Renewable energy has seen a resurgence at the World Bank.
A recent report on the bank’s energy lending shows funding for renewable sources of energy reached $3.5 billion in fiscal year 2014 — 38 percent of total lending for power generation and up nearly 126 percent from renewable energy lending in fiscal 2013.
Total funding to hydropower generation alone increased more than twofold: from 677 million in fiscal 2013 lending for hydropower rose to $2.3 billion this year.
The World Bank has increasingly shifted energy lending from fossil fuels to greener options. In fiscal 2010, only $2.1 billion was spent on renewable energy generation, or 22.7 percent of total energy lending that year. Funding for renewable energy climbed steadily since, topping $3.1 billion in fiscal 2012.
In 2012, the International Finance Corp., the bank’s private sector arm, helped put up a 40-megawatt solar power plant in Peru, the largest of its kind in Latin America. It also financed a large-scale wind power project in Jordan in 2013.
Lending for renewable energy sources, however, dropped 49 percent in 2013.
Apart from funding generation plants, a proportion of the World Bank’s renewable energy financing in fiscal 2014 went to building the policies and institutions countries need to manage a sustainable electricity supply as well as smart transmission and distribution systems that connect people and industries to energy.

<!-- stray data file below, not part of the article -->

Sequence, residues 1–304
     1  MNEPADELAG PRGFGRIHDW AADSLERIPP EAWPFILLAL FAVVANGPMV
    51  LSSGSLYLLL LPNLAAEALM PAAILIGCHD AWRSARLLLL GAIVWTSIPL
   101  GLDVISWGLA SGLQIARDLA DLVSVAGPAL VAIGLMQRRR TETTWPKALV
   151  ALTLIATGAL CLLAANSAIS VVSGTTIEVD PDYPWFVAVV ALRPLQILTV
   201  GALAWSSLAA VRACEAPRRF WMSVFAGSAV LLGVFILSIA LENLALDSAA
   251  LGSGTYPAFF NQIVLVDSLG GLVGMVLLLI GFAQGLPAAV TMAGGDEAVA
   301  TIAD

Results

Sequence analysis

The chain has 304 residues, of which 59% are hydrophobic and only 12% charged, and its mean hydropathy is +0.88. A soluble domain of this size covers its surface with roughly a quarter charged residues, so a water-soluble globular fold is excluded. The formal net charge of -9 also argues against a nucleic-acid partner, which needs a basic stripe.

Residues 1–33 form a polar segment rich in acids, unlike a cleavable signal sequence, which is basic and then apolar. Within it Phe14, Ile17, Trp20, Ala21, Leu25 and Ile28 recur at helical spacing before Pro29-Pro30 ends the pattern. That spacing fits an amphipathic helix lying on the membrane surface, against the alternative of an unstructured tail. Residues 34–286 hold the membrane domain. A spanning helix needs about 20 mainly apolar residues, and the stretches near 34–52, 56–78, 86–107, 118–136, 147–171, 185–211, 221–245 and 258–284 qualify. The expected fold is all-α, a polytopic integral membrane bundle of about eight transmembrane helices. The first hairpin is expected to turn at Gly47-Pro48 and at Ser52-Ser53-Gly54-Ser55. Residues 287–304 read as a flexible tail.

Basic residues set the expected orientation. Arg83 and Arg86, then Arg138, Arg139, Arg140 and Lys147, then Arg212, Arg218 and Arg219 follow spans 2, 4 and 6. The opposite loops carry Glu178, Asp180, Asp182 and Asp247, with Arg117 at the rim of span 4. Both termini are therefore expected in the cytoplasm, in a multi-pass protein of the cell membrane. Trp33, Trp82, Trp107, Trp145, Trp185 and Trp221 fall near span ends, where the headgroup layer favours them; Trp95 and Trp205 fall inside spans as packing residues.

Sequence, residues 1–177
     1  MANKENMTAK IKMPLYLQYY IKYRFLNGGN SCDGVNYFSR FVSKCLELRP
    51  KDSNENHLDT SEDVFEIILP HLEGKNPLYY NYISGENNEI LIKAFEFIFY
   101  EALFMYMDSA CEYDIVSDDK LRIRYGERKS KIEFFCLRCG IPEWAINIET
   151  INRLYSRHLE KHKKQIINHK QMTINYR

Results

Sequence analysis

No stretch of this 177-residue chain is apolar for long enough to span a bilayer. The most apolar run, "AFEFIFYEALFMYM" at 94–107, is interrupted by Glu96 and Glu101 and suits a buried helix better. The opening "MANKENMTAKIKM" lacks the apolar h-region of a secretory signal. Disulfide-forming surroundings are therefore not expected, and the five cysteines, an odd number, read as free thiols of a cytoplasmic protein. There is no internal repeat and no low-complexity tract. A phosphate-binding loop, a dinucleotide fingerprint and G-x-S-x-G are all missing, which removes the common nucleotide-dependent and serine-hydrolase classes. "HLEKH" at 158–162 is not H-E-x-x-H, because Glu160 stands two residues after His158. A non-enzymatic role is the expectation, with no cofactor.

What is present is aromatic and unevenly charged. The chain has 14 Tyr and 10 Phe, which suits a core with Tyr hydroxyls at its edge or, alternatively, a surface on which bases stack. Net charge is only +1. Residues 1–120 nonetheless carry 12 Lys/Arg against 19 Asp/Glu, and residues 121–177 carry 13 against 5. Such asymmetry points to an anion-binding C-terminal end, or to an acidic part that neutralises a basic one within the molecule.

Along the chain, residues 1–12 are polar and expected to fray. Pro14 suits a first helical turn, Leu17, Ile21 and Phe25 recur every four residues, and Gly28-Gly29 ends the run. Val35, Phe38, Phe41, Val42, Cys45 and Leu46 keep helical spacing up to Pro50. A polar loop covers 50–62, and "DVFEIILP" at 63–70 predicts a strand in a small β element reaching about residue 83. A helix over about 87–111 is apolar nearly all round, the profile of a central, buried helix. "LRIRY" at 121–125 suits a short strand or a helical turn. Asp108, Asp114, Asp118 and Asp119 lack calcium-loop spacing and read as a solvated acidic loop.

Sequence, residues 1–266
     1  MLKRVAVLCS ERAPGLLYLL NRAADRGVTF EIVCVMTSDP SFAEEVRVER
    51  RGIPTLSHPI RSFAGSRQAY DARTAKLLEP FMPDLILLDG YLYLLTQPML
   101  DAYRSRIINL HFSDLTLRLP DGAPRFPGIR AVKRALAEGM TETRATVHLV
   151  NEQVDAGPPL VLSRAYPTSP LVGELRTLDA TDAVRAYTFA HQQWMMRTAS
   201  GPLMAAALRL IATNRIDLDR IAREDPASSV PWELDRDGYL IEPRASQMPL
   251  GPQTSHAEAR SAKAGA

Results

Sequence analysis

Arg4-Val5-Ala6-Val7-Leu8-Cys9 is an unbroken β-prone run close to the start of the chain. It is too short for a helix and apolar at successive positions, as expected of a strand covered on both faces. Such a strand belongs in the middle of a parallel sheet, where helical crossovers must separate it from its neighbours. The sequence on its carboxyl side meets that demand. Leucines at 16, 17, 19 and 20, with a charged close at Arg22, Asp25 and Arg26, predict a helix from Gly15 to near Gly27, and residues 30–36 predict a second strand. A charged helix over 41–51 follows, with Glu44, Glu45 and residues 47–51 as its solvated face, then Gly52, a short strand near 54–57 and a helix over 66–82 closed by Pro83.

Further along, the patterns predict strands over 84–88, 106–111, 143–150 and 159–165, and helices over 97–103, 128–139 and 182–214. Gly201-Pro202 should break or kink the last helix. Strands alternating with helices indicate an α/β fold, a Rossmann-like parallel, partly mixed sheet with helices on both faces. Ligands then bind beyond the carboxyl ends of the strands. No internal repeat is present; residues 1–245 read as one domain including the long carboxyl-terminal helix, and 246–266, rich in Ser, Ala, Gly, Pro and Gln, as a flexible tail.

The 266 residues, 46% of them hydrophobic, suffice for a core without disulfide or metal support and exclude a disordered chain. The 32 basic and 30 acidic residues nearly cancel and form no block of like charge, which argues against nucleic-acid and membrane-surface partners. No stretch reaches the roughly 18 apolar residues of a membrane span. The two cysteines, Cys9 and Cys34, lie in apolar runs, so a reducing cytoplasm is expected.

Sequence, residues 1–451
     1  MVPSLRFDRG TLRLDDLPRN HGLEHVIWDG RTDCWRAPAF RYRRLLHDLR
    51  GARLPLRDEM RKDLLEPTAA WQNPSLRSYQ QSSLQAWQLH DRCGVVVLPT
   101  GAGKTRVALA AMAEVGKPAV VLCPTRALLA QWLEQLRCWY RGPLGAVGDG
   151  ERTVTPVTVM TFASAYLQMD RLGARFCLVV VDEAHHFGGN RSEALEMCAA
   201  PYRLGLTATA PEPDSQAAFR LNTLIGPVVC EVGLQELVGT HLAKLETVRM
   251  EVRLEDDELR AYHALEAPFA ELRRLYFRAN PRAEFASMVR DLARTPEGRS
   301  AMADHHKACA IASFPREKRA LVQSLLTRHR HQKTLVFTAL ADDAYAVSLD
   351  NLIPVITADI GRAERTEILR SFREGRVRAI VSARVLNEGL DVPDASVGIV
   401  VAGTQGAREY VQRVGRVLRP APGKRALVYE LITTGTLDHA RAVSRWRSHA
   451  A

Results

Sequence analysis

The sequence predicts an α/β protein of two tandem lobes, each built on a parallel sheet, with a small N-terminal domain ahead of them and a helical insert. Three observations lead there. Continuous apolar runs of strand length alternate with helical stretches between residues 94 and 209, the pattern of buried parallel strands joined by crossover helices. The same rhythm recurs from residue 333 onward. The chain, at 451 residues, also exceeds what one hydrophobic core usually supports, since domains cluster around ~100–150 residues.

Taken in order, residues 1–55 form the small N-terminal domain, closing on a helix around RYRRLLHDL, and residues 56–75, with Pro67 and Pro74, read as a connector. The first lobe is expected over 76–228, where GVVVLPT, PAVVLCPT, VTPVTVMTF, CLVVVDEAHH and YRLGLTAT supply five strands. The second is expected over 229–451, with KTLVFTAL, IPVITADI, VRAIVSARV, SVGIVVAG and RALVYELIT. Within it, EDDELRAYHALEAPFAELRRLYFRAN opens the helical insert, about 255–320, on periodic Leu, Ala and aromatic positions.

The World Bank approved $9.4 billion in total energy lending in fiscal 2014. Funding for coal- and oil-fired energy generation projects accounted for the bulk of lending in the sector in fiscal 2010, but dropped to $158 million in fiscal 2014, a meager 1.7 percent of total spending. Funding for gas-fired plants, meanwhile, amounted to $404 million in 2014.
In the first U.S.-Africa Summit held in August in Washington, D.C., World Bank President Jim Yong Kim committed $5 billion in technical and financial support for energy projects in six African countries: Ethiopia, Ghana, Kenya, Liberia, Nigeria and Tanzania.
Kim said the financial commitment will be used to generate more power in the region, where some 600 million still have no access to electricity despite high potential in hydropower, geothermal, wind and solar, as well as oil and gas reserves.